What if you do not have a complete address to send an adverse action to?
Is a large bank required to send adverse action notices when a payment due date change or extension is denied for consumer loan products?
I am trying to find documentation to determine if denying a loan for "collateral" is appropriate when the issue is that the property is up for sale. The result is that the loan will not meet our guidelines so is this an appropriate reason to deny the loan for "collateral." Or would the appropriate denial reason would be "Other." Can someone point me to the correct location to view documentation to better support the use of denial reason other vs collateral?
As a lender (agent) in a syndication deal, what are the responsibilities of the agent bank with respect to Regulation B (ECOA) compliance specifically related to adverse action notice requirements?
For banks that provide combined ECOA-FCRA disclosures, is it standard practice to “Check the 1st Box” and provide FCRA credit score information if the decline reason is not based on the consumer report, but some other factor? (i.e. insufficient collateral, product not offered, out of lending area) Do other banks do this?
We understand that we do NOT have to “Check the 1st box” and provide credit score information if it was NOT used in making the adverse decision, but what would be the risk to provide this information in the above cases?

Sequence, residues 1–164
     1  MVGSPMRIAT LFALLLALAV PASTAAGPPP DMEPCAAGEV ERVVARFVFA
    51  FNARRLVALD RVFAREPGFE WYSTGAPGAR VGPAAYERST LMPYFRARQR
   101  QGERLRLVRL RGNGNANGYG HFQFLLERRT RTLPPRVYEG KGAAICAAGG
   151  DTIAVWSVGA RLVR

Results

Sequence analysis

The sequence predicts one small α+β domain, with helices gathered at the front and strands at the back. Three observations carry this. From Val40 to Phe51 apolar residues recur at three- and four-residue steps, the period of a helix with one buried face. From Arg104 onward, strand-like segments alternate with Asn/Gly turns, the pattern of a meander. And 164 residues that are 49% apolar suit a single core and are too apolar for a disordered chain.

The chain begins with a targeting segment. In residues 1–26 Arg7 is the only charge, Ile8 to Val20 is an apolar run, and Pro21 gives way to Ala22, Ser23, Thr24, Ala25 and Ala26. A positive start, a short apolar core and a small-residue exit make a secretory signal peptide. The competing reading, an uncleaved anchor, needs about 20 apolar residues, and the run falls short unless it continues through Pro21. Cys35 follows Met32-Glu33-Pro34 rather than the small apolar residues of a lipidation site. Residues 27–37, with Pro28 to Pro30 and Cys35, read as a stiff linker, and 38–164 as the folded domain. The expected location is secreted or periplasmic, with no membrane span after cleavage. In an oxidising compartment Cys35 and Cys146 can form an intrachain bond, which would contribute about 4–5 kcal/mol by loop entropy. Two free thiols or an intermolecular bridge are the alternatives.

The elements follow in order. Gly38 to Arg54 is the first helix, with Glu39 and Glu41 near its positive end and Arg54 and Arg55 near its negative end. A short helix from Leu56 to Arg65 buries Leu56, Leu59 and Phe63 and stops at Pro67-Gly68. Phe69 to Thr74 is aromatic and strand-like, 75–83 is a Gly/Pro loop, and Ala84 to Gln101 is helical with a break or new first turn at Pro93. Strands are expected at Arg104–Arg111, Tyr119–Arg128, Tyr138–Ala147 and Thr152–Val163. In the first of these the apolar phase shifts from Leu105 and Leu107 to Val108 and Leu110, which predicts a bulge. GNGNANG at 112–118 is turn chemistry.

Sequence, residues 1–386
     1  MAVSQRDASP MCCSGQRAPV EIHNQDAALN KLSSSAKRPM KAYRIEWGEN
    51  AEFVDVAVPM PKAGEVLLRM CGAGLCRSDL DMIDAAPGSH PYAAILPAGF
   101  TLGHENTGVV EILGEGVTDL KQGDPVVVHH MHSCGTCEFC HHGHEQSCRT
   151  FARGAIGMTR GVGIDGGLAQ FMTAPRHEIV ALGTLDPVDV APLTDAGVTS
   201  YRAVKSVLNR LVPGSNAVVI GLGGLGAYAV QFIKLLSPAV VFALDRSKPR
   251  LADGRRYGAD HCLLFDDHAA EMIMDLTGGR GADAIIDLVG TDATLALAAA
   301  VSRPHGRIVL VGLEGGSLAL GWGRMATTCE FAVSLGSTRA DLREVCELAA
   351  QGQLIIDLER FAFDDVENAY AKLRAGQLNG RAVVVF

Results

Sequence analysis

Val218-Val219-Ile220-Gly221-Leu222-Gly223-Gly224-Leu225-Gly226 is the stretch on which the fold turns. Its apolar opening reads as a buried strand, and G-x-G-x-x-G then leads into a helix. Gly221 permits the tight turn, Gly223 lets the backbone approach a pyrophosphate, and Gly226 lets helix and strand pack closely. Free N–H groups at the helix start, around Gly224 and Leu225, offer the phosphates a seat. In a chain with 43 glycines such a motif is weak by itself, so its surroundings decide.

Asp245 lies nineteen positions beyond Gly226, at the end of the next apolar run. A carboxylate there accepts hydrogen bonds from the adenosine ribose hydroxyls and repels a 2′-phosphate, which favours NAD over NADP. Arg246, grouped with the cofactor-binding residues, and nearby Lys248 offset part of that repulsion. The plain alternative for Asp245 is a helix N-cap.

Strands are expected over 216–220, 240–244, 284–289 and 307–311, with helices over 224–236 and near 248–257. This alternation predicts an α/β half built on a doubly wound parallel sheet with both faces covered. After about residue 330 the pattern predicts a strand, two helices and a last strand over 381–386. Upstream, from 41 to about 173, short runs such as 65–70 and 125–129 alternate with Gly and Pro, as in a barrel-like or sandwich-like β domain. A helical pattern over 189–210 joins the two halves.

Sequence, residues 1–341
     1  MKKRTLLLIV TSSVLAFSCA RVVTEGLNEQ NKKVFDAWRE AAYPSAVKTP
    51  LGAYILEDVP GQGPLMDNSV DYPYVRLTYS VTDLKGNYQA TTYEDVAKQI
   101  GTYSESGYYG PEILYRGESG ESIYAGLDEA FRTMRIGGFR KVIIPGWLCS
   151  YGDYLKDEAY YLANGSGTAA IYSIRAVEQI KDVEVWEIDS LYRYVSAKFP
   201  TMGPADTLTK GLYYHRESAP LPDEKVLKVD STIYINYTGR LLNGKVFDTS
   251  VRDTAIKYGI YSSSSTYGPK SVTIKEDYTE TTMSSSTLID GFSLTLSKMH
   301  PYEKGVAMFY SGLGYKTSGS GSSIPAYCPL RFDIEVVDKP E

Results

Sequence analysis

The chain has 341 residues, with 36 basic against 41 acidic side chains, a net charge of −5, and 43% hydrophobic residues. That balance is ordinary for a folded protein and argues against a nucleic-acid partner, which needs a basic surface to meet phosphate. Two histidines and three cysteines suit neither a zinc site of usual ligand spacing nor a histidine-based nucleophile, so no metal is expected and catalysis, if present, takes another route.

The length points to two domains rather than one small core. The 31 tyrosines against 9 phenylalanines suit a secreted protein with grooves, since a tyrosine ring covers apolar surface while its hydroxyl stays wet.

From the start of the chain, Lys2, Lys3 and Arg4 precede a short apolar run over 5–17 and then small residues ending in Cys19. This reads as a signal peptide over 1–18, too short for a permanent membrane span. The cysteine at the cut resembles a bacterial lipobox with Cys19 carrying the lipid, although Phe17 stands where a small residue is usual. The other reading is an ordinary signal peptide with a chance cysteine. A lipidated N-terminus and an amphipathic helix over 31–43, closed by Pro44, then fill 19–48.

I have a client (a lender) who orders their credit reports from "XYZ Data" and when a loan is declined, they list Equifax on their Adverse Action
Notice (with appropriate address and phone number) and they have now been told that because "XYZ Data" is considered a reseller of credit under the
FCRA 603(u) that they should also list XYZ Data (along with its name and telephone number) on the Adverse Action Notice. Is this true?
If a loan is denied due to collateral value, would the adverse action notice include that an outside source was used in the decision and the outside
source was the appraiser? I believe the appraiser would NOT be an outside source for this purpose.
If an individual applies for a loan and they don't qualify, is the lender required to formally disposition (deny) the loan request? Or can they solicit other individuals to be added to the application to see if they would
help qualify and get loan approval?
We currently offer a loan, repayable in six monthly installments at zero percent interest, to help customers bring their checking account to a positive balance.
Letters are automatically generated and mailed to customers who may qualify for such loan once their account becomes 30 days overdrawn for $100 or more.
Upon receipt of the notification, the customer must call in as directed in the notification (or they can come into the branch) to request the fresh start loan. Their account will be reviewed. If the customer has previously had a fresh start loan with us, we will not make them another fresh start loan. In those situations where a customer requests a fresh start loan and we
are unable to make them one, would we owe the customer a Notice of Action Taken? Would Regulation B apply to these fresh start loans?
Is an adverse action/counter offer determined by the loan product or the loan amount? If I am doing an 80% LTV cash out Mortgage refinance (ex: $80K loan on $100K estimated value) but the appraisal value comes in for less than estimated, I now have to change the loan amount to 80% of the actual value (ex: verified value = $90K therefore new loan amount is $72K).
Does this mean that I have to do an adverse action/counter offer in addition to re-disclosing an updated loan estimate for the change in loan amount? My product is still the 80% LTV cash out mortgage refinance. My product did not change and I am still giving the borrower cash out that he requested, it just isn't as much as we estimated.